"The Abacus and the Cross: The Story of the Pope Who Brought the Light of Science to the Dark Ages" is available December 7.
A thousand years ago, the pope studied the stars and found God in numbers. Mathematics ranked among the highest forms of worship, for God had created the world, as the Book of Wisdom said (chapter 11, verse 21), according to number, measure, and weight. Our modern tension between faith and science did not exist.
Pope Sylvester II (999-1003) was known as "the Scientist Pope." Born Gerbert of Aurillac, he rose from peasant beginnings to the pinnacle of the Christian church "on account of his incomparable scientific knowledge" -- not in spite of it. Such is the testimony of men who knew him and wrote during, or right after, his lifetime. They call him "acutely intelligent" and "deeply learned in the study of the liberal arts." He was the leading mathematician and astronomer of his day.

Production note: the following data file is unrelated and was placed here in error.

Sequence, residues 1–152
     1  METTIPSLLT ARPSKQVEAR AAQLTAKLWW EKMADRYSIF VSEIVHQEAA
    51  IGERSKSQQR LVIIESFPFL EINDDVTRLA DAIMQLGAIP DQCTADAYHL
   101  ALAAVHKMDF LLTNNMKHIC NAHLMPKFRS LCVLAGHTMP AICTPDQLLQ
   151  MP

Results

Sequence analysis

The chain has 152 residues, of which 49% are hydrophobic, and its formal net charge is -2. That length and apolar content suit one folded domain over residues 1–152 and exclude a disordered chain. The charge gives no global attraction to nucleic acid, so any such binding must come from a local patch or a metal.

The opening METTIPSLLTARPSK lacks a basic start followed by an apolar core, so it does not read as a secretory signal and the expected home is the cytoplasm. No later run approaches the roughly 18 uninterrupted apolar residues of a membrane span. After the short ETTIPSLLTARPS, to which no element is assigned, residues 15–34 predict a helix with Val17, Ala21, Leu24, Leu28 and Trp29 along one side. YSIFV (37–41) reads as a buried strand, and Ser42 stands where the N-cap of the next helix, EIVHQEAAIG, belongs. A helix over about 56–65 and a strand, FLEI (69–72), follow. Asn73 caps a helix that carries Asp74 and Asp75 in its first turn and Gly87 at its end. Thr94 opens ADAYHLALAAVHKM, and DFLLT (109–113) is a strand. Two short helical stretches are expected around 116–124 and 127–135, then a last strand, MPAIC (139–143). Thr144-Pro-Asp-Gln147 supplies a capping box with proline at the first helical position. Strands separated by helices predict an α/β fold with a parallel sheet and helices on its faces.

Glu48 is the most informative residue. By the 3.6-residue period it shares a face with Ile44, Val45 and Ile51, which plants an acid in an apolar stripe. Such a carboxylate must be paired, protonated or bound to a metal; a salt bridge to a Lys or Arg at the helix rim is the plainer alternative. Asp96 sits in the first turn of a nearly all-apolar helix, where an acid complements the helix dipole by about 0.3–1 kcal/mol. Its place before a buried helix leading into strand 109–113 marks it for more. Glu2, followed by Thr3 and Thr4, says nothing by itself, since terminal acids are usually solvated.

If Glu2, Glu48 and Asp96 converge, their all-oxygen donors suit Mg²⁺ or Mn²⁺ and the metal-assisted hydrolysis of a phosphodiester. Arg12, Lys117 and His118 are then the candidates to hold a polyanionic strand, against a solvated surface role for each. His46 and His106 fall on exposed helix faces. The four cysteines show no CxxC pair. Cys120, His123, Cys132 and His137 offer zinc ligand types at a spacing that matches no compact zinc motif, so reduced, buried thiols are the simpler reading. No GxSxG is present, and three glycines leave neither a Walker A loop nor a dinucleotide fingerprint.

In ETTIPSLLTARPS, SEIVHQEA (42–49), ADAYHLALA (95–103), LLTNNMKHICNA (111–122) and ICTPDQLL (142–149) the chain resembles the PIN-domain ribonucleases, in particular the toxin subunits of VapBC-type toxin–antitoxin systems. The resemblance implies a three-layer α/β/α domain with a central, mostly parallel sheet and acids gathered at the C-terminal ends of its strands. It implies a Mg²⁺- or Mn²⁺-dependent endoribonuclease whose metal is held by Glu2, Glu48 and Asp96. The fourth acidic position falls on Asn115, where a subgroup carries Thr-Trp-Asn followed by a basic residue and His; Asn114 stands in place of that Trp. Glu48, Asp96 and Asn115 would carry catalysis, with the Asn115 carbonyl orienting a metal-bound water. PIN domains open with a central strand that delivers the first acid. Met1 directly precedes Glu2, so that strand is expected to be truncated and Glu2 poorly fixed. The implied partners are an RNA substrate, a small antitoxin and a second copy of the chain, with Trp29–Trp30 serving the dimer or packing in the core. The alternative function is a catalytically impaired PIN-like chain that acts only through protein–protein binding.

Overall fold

Gerbert of Aurillac left us over 200 letters and a handful of scientific treatises. His biography has been known to historians for hundreds of years. Some overlooked it. Some twisted it. Others suppressed it. For the picture Gerbert paints of the Dark Ages -- the thousand years between the fall of Rome and the Renaissance -- is lovely and surprising.
Born a peasant in the mountainous Cantal region of France in about 950, Gerbert entered a Benedictine monastery -- the only elementary school of his day. To teach reading and writing, the monks used the Psalms. To teach rhetoric, they used Cicero, Virgil, and other Latin classics.